Fascism or Business as Usual?


On the surface, the current political campaign for President of the United States looks like an inept and garish circus, a caricature of an election in a demented novel by a 60s, drug-besot author. Cartoon figures grimace and gesticulate from the pulpit, with earnest and  eager supporters artfully arranged in the background. Meaningful content is minimal, emotive display is de rigueur.

If it weren’t so comical, it would be frightening. No, it really is frightening, especially when one considers that anything that appears on the political scene is as intended by those in control. There are no accidents nor coincidences in something as critical to power as elections.

Elizabeth Drew has written an interesting and potentially enlightening essay about the current political scene:

In the presidential campaign, both parties are so divided as to raise the question of whether any victor will be able to govern. The anger, fear, resentment, racism, and frustration that are playing into the current political climate make for a situation prone to undermining our democratic system.

Source: The New Politics of Frustration by Elizabeth Drew | NYR Daily | The New York Review of Books

I find it unfortunate that Drew used the word “fascism” to describe the potential effects of this trend. “Fascism” is a thoroughly misunderstood word, hanging out there in popular awareness with “anarchy” in the world of the misperceived. It’s difficult for me to equate the 1930s concept of political and economic fascism to today’s world. The United States is indeed a corporate oligarchy, but without the overt oppression and authoritarian zeal of World War II Germany and Italy.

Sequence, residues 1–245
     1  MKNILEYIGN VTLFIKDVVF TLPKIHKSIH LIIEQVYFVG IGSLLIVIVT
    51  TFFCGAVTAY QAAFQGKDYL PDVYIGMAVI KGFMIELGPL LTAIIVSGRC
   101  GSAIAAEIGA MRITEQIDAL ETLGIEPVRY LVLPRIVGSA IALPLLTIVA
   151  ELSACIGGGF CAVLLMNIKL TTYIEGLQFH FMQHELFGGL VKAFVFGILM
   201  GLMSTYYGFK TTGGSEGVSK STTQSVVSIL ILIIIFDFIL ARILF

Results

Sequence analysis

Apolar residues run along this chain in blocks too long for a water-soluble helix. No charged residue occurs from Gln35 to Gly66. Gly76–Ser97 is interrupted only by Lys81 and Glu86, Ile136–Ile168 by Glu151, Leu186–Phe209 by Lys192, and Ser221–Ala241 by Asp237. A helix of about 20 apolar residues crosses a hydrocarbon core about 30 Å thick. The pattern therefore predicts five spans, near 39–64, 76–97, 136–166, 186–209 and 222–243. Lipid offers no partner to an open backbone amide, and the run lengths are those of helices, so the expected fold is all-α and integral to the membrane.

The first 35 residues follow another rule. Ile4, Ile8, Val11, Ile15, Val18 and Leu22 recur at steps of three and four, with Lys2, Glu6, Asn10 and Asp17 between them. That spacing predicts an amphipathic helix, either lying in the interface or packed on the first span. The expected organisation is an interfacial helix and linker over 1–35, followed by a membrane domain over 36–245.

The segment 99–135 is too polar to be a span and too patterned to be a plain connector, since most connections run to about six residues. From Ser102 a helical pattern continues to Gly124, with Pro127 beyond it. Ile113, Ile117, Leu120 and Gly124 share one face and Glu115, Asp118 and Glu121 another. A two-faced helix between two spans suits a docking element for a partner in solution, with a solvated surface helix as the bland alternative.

If we are moving toward fascism in the United States, it is more the Friendly Fascism of Bertram Gross than the Fasci of Revolutionary Action of Benito Mussolini.

Looking back over the past sixty-six years of my life, it’s clear to me that the United States has changed drastically in character since World War II. Harry Truman inherited a totalitarian military culture, and a power structure that sought to maintain the “military-industrial complex” as the basis for the US economy and political process. The Kennedy brothers were the first, and the last, politicians to challenge that power structure. With their murders, the power elite took hold of the reigns of power and has succeeded ever since in holding them in their velvet-mailed fists.

What we see on the garish stage of global media is the control system in action, carrying out its program of newsertainment in support of domestic pacification and international imperialism.

“What’s past is prologue…” William Shakespeare, The Tempest


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